finding simplicity in complexity

In a world riddled with opaque, risky, and expensive investment products, our process identifies simplicity in the complexity of capital markets. With thousands of stocks to pick from, and even more mutual funds and exchange-traded funds available, where does one begin? We begin with our belief in the elegance of capital markets. While many advisors fight markets, we look to harness its power.

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a renaissance in portfolio design...

The evolution in our understanding of how markets function has led to a renaissance in portfolio design. This renaissance known as modern finance has created an enlightened approach to investing – we now know that the structure of a portfolio determines the vast majority of its performance. With this leap forward, we can look to specific dimensions of the market to engineer “tilted” portfolios that systematically pursue return premiums. This method of factor-based investing allows us to design targeted strategies that better match our investor's life goals. The chart below illustrates how these market dimensions have historically rewarded investors over time.
Historically Investors Realize Big Gains from Capital Markets
Growth of USD 1, January 1927 - December 2016
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Data provided by Dimensional Fund Advisors Returns 2.0. In USD. Indices are not available for direct investment. Their performance does not reflect the expenses associated with the management of an actual portfolio. US Small Cap is Fama/French US Small Cap Index. US Large Cap is the S&P 500 Index. US Small Value is Fama/French Small Value Index with utilities. US Large Value is Fama/French Large Value Index with utilities. Treasury Bills is the IA SBBI US 30 Day TBill TR USD, provided by Ibbotson Associates via Morningstar Direct. Long-Term Government Bonds is the IA SBBI US LT Govt TR USD, provided by Ibbotson Associates via Morningstar Direct. US Inflation is measured as changes in the US Consumer Price Index. US Consumer Price Index data is provided by Ibbotson Associates. CRSP data is provided by the Center for Research in Security Prices, University of Chicago. The S&P data is provided by Standard & Poor’s Index Services Group. Past performance is no guarantee of future results.

a renaissance in portfolio design...

The evolution in our understanding of how markets function has led to a renaissance in portfolio design. This renaissance known as modern finance has created an enlightened approach to investing – we now know that the structure of a portfolio determines the vast majority of its performance. With this leap forward, we can look to specific dimensions of the market to engineer “tilted” portfolios that pursue return premiums in a systematic fashion. This method of factor-based investing allows us to design targeted strategies that match our investors life goals. The chart below illustrates how these market dimensions have rewarded investors over time.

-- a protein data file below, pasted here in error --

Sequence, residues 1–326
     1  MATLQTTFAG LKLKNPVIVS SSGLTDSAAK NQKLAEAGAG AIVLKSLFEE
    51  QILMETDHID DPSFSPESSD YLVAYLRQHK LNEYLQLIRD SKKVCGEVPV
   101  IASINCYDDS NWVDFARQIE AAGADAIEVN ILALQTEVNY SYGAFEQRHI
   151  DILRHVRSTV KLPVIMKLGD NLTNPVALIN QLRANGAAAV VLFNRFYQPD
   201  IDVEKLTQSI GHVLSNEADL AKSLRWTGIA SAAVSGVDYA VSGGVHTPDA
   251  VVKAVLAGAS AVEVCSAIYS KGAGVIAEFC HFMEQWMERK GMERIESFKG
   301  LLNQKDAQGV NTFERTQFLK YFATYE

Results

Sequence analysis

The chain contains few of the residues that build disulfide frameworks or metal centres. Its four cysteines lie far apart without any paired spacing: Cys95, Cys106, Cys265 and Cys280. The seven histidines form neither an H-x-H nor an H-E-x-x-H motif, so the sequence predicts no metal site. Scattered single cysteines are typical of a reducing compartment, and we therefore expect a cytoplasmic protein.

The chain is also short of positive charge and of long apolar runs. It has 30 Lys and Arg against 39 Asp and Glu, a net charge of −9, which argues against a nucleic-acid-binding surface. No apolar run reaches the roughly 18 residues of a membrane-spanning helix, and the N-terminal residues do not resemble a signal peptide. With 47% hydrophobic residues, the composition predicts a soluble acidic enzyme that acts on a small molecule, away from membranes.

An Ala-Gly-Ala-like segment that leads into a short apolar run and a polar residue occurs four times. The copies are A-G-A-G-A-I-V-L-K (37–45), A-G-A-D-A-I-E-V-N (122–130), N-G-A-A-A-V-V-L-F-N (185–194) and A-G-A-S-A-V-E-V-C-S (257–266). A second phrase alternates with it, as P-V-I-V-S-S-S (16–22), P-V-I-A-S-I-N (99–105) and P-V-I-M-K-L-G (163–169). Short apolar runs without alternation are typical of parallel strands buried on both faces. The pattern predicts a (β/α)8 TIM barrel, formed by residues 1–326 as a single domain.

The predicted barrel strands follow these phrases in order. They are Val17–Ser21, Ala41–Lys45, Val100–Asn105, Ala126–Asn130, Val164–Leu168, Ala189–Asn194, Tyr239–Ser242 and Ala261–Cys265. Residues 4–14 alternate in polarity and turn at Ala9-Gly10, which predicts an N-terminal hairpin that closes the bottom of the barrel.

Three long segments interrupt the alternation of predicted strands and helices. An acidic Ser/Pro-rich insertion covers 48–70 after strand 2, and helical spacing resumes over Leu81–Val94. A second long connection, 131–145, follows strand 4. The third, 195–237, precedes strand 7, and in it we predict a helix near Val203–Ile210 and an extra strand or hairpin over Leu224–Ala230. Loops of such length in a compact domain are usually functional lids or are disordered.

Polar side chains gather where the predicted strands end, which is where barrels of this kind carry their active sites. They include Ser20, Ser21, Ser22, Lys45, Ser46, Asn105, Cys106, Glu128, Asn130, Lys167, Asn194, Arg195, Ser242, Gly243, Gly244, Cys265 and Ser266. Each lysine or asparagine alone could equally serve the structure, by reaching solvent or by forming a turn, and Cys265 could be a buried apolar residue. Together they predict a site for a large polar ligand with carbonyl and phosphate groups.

Long-Term Investors Realize Big Benefits from Capital Markets
Growth of $1 USD, January 1927 - December 2016
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In USD. Indices are not available for direct investment. Their performance does not reflect the expenses associated with the management of an actual portfolio. US Small Cap is the CRSP 6–10 Index; US Large Cap is the S&P 500 Index. Treasury Bills is the IA SBBI US 30 Day TBill TR USD, provided by Ibbotson Associates via Morningstar Direct. Long-Term Government Bonds is the IA SBBI US LT Govt TR USD, provided by Ibbotson Associates via Morningstar Direct. US Inflation is measured as changes in the US Consumer Price Index. US Consumer Price Index data is provided by the US Department of Labor Bureau of Labor Statistics. CRSP data is provided by the Center for Research in Security Prices, University of Chicago. The S&P data is provided by Standard & Poor’s Index Services Group. Past performance is no guarantee of future results.
 
 

Everyone wants to “beat the market,” how they go about it makes a difference. Investing allows us to pursue higher expected returns prudently. Speculating can be fun and exciting, but it often leads to poor results. Decades of research show us that traditional managers have historically underperformed even a simple index benchmark. While plenty of research papers in the journal of finance document this failure, you don’t have to look any further than the semi-annual scorecard provided by the Standard & Poors.

October: This is one of the peculiarly dangerous months to speculate in stocks. The others are July, January, September, April, November, May, March, June, December, August, and February.
- Mark Twain
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Traditional managers can underperform!
Percent of traditional managers who are meeting their benchmarks over 15-year period as of June 30, 2017
Small Cap Managers
Mid Cap Managers
Large Cap Managers